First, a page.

Acton Commentary

Productivity and the Ice Man: Understanding Outsourcing


Hysteria about job losses caused by overseas outsourcing ignores a crucial fact: Americans lose jobs primarily because people develop innovative ways to do things faster, better, and cheaper. In other words, human creativity is a double-edged sword, bringing productivity improvements and, very often, widespread job loss. The good news is that the net result is not fewer jobs, but more jobs—and more productive ones.

Since most job losses are a consequence of men and women cultivating Creation, we should never be surprised to hear that companies are downsizing. Neither should we dismiss the indisputable financial and emotional toll that a mass layoff or shuttered factory can cause individuals. But to really understand what’s going on we need to look at the economic fundamentals. Was the layoff caused by the introduction of a more productive technology, a smarter way to manufacture, or a shift in consumer preferences?

While the outsourcing issue has generated headlines, it is not the chief cause of job losses. Of the 2.7 million jobs lost over the past three years, only 300,000 have resulted from outsourcing, according to Forrester Research Inc., a technology research firm. Business Week Magazine reports that one percentage point of productivity growth can eliminate up to 1.3 million jobs a year.

Automation, a traditional means of boosting productivity, continues to eliminate jobs right before our eyes. The sectors most affected by automation include construction, manufacturing, retail and wholesale trade, transportation, information, and food services. Airlines have reduced the number of ticket agents because of airport kiosks, online ticket purchases, and online check-in. Grocery store clerks are on the decline with the onset of automated check-out counters.

This is nothing new. As the United States industrialized, the life cycle of entire industries was radically shortened. On July 6, 1858, for example, Lyman Blake patented a shoe-manufacturing machine. As these machines were popularized, the need for hand-made shoes quickly disappeared — and so did related jobs. The horse and buggy industry took a hit in major cities when the first cable car, patented on January 17, 1871, by Andrew S. Hallidie, began service a couple years later. The buggy business took a death-blow when Henry Ford introduced the Model T in 1908 and then installed moving assembly lines in his factory shortly afterward. This development did not portend inevitable unemployment for the thousands of worker who might otherwise have been employed making horse carriages. Instead, it spawned new industries (many carriage companies flourished as makers of vehicle bodies) and made human transportation exponentially more efficient.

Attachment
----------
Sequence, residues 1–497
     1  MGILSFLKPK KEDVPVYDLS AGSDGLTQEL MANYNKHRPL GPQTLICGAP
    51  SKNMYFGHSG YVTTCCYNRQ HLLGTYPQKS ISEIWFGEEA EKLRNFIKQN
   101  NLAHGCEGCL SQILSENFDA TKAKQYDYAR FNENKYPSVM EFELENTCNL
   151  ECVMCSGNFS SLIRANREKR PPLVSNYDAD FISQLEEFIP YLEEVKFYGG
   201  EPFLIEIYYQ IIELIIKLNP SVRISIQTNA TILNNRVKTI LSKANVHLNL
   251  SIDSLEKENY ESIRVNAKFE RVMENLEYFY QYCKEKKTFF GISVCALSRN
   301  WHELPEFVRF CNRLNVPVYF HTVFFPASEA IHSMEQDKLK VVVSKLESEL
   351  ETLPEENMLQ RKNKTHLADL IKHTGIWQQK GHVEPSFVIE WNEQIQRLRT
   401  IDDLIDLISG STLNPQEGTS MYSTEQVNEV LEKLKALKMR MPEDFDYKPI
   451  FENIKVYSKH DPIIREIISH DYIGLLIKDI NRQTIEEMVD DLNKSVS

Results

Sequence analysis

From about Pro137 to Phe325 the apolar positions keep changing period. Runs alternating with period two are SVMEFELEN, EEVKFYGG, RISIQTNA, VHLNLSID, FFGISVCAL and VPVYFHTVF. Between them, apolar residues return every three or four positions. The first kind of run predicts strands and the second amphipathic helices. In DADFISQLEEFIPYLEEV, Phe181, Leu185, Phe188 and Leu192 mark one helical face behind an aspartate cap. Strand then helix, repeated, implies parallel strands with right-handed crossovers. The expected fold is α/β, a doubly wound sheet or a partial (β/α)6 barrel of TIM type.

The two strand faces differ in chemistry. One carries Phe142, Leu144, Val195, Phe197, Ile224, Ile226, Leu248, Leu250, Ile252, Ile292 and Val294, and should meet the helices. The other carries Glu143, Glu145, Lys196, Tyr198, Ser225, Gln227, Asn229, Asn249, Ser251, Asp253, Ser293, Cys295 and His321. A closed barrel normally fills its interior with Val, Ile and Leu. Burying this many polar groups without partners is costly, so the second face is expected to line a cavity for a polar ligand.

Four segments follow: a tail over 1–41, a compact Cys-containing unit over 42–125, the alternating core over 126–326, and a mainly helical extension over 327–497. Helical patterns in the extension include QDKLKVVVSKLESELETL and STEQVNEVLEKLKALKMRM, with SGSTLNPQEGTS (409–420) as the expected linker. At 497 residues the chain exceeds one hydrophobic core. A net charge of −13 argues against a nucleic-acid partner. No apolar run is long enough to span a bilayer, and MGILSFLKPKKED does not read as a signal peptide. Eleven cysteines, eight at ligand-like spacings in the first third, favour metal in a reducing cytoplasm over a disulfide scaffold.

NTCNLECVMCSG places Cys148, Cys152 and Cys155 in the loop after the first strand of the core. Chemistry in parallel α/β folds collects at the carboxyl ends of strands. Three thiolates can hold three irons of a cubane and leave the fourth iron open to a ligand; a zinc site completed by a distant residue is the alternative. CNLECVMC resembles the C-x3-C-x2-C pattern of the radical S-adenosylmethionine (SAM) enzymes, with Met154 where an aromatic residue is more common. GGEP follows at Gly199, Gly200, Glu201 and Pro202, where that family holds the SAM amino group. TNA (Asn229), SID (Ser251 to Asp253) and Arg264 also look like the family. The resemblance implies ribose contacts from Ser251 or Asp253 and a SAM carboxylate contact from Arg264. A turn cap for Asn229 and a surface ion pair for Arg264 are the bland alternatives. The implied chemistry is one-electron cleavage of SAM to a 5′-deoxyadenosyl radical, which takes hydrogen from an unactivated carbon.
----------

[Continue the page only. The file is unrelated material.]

The invention of Freon in 1928 and the introduction of electric refrigerators devastated the ice industry. Until this point, ice was taken from the rivers and ponds, cut into blocks and delivered to insulated storage buildings for summer use. Ice wagons, first on steel wheels and later on rubber tires, carried ice to customers’ homes. Because a 25-pound block of ice lasted only a few days, icemen kept busy making deliveries two or three times per week. These routes were so well traveled that new deliverymen in some cases simply gave free rein to the old iceman's horse, which was familiar with all the stops. General Motors’ Frigidaire “electric ice box” wiped out a whole set of occupations, including ice box manufacturers, ice gatherers, and the manufacturers of the tools and equipment needed to handle large blocks of ice. Who today would want to replace their frost free refrigerator-freezer with an ice box?

In the auto industry, General Motors today uses approximately 25,000 robots for tasks that people used to do including spot welding, painting, machine loading, parts transfer, and assembly. Robots have replaced people in electronic assembly, mounting microchips on circuit boards. Many of the jobs replaced were dangerous, dirty and tedious. Overall, North American manufacturing companies ordered 19 percent more robots from North American robotics suppliers in 2003 than in 2002 according to new figures released by Robotic Industries Association (RIA), an industry trade group. RIA estimates that some 135,000 robots are now being used in U.S. factories to do jobs faster, better, and cheaper than humans ever could. And robots need to be manufactured, sold, installed, delivered, maintained, repaired, and improved.

During technological transitions, the difficult task is providing the education and training necessary to help people use their gifts and skills in new industries. This raises important questions about the role of education and whether or not limiting students to learning only one skill or trade will help them in the long run. Quality education programs will focus on training students in such a way that transitions into new emerging industries will be less costly.

Technological advances must always occur within a sound moral framework. If consistent with genuine human flourishing, advances should be embraced as a product of human creativity rather than feared as a source of human suffering. Using other countries’ workers as scapegoats for the fallout from technological change sabotages our preparedness for such change. This type of sabotage leads to misguided policies that impede productivity improvements and innovations—which are the very things that make our lives more comfortable, safer, and healthier.